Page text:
Luana Games also made a free Women in Science card game. Can you tell us a little more about that project?
Yes, it all started when my daughter – she was 7 or 8 at the time – and asked me if it was okay for a girl to like math. The consensus at her school was that math was for boys, and she wasn’t sure she liked math anymore. I had been a science writer for more than 10 years, but I struggled to name a few female mathematicians.
So with Anouk Charles and Francis Collie, we decided to create a deck of cards to popularize remarkable female scientists. We financed the game with a crowdfunding campaign and were able to print 3000 decks that were distributed everywhere. We also provided a print & play (PDF) version that is available for free on LuanaGames.com in English, French and Spanish.
Women in the STEM Field
What advice do you have for young women hoping to get into a STEM field (Science, Technology, Engineering and Mathematics) like the scientists in WoMen in Science?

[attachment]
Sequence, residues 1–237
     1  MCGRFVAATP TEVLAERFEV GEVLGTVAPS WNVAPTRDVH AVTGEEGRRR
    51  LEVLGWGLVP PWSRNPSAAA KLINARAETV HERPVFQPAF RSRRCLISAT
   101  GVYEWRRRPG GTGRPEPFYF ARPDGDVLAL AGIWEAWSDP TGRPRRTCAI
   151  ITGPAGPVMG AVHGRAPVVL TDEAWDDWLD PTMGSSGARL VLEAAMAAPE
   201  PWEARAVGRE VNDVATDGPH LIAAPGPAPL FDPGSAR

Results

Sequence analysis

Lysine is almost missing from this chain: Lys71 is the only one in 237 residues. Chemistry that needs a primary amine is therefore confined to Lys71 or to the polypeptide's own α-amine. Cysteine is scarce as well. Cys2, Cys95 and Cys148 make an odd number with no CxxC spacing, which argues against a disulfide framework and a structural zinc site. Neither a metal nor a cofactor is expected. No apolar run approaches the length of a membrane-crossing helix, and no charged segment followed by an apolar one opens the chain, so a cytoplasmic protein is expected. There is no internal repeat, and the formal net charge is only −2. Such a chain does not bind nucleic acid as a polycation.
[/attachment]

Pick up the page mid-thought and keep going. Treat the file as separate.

I think that the most important tool is a growth mindset. It’s ok to have hard times, it’s ok to fail, it’s all part of the learning experience. But when you are a minority, it’s tempting to conclude that you’re not where you are supposed to be. But the truth is, everyone has hard times, and everyone fails sometimes. Be kind to yourself, if you continue to work, you will succeed.
Do you have any plans for future projects to promote more young female professionals in STEM fields?
Currently, the game doesn’t make enough sales to be sustainable, so I need to prioritize putting food on the table. But I’m always open to giving free or very cheap game keys to financing crowdfunding campaigns and raffles that benefit gender equality.
One thing I would love is to be a part of a humble bundle that would benefit the cause.
Are there any other video games with female leads you admire?
I must admit I haven’t played that many. Tomb Raider comes to mind because in 1996 it was quite unique. I loved the female protagonists in Dishonored, Wolfenstein: Youngblood and The Witcher. But if I’m honest, I believe that the industry can do even better. In other words, the best is yet to come.